Remember the Point, or Lose Your Way

Remember the Point, or Lose Your Way

I used to meet with a friend of mine every week for dinner and a drink. We enjoyed each other’s company because we were two peas in a pod in terms of our ideas and philosophies. And so, every week, we would masterfully solve all the world’s problems from the comfort of the table at our favorite pub.

Our conversations were sometimes light and witty and sometimes deep and complex, with topics ranging from politics to religion to social theory. My friend was a brilliant guy, and there were always multiple layers to any point he was trying to make. He often broke off onto various branches and sub-branches of topics in every direction and then somehow was always able to work his way back to the real point he was trying to make. He could seemingly deviate from the subject by ten degrees and then backtrack all the way to his original point without skipping a beat.

That was always impressive to me because I’m very good at breaking off in various directions of sub-topics, but often I can’t quite remember what got me onto the branch I eventually find myself on. “Now, why did I get into that? What was I just saying a few minutes ago?”

We get so involved in the practice of our religion…that we forget the point of the practice of our faith.

We often do the same thing in Catholic life. We get so involved in the practice of our religion, which can have many layers, that we forget the point of the practice of our faith—Holiness. Living holy lives, avoiding sin, and practicing virtue is the object of the Catholic Faith. We can very easily forget that.

Regular mass, rosaries, and other prayer devotions, as well as reading scripture or other spiritual books, are all very good, helpful, and important. These practices provide spiritual nourishment and build spiritual armor. But it can be easy to forget the point of it all and to lose sight of where we’re supposed to be going and why. Just like breaking into various sub-topics in a complex conversation, we can find ourselves saying, “Now, why did I get into that? Where was I going with that? I can’t remember.”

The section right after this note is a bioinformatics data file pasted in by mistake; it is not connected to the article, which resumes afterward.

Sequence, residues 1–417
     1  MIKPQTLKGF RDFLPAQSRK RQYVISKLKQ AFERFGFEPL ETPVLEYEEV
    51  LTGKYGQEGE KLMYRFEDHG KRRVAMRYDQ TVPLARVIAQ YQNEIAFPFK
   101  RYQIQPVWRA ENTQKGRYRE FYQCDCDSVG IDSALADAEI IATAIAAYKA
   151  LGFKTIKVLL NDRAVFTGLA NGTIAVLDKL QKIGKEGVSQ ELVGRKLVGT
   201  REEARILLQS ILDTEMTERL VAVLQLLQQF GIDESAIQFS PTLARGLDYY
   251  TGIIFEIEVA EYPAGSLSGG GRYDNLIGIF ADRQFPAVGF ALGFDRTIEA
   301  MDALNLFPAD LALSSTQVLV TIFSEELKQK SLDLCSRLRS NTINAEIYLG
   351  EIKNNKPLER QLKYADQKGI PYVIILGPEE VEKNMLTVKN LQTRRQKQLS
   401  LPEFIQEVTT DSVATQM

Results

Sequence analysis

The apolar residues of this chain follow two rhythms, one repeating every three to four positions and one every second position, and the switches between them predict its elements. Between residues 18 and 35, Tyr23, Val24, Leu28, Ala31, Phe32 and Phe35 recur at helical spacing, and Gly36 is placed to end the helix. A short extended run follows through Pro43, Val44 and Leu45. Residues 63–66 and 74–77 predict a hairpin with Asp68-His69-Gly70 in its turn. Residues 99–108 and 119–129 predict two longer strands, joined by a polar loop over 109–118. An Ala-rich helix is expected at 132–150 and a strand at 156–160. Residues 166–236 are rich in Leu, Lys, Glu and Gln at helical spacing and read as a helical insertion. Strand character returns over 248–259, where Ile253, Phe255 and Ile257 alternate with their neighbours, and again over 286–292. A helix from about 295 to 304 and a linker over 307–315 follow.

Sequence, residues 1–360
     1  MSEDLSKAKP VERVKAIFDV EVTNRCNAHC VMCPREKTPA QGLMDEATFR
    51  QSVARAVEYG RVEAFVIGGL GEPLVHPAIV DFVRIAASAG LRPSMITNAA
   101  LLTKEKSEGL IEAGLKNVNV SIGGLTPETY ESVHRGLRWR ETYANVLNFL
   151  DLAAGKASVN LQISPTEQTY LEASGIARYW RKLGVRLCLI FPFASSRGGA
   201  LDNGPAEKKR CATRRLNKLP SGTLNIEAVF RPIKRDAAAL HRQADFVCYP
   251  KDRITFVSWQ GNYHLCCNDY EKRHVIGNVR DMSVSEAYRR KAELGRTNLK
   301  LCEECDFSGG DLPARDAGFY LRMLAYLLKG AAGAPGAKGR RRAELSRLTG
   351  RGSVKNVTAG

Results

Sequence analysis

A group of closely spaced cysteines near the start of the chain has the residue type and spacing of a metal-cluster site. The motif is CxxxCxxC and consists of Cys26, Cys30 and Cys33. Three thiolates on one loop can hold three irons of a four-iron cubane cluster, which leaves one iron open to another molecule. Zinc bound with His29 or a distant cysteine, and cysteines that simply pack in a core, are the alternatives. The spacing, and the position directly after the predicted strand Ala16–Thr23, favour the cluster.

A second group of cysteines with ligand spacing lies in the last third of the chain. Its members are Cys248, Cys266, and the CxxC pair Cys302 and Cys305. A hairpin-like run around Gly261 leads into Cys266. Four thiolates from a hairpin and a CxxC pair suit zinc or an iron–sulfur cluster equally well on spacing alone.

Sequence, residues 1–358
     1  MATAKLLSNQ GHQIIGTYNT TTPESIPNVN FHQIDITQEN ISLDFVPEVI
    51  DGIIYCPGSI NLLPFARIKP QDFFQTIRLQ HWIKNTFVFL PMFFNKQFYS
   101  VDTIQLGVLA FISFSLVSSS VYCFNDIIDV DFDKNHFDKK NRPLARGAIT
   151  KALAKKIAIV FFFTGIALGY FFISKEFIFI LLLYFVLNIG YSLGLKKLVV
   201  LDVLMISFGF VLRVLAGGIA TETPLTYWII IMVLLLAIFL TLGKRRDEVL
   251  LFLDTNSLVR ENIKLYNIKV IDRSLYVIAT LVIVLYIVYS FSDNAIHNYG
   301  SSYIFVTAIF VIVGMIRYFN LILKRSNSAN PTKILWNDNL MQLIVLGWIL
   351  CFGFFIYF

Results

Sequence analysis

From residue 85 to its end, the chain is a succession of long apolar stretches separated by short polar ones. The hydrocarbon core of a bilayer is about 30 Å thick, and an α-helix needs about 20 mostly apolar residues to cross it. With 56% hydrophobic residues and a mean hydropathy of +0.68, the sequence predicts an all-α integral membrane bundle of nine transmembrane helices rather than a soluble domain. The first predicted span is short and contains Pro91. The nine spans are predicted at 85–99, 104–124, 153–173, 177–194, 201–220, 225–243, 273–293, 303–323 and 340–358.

We have to keep holiness in the foreground of our thinking.  Holiness is not an exercise, it’s the result of our efforts in the Good. It’s the fruit of our spiritual practices but also of the choices we make in every moment of our daily lives.  Holiness is ultimately from the Holy Spirit, but it results from the our cooperation with Him, through the practice of virtue. Virtue comes from consistent good practices like kindness, gentleness, mercy, charity, and yes even piety.  We must apply our will to these practices of virtue. Grace alone will not reform our will. We have to consciously make an effort and cooperate with the graces afforded to us through our spiritual practices, and only then can our will—and our nature—be converted to holiness.

Our spiritual practices bring us the grace that enables us to be virtuous, but spiritual practices alone do not reform our wills. If we are practicing our religion without remembering the whole point, we could be spinning our wheels and getting nowhere fast. Remember the point. Don’t be so busied with your practices that you forget why you’re doing them. “Why did I t into this? Oh, I remember…to grow in holiness!”

God keep you, my brethren

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